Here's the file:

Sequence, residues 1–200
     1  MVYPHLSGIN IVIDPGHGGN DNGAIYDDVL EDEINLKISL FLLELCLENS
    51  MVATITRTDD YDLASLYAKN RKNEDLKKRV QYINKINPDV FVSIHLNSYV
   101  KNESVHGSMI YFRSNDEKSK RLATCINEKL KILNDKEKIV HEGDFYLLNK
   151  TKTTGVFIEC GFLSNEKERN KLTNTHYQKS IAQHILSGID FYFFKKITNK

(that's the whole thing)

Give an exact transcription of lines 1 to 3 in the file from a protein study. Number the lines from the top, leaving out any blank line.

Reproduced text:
Sequence, residues 1–200
     1  MVYPHLSGIN IVIDPGHGGN DNGAIYDDVL EDEINLKISL FLLELCLENS
    51  MVATITRTDD YDLASLYAKN RKNEDLKKRV QYINKINPDV FVSIHLNSYV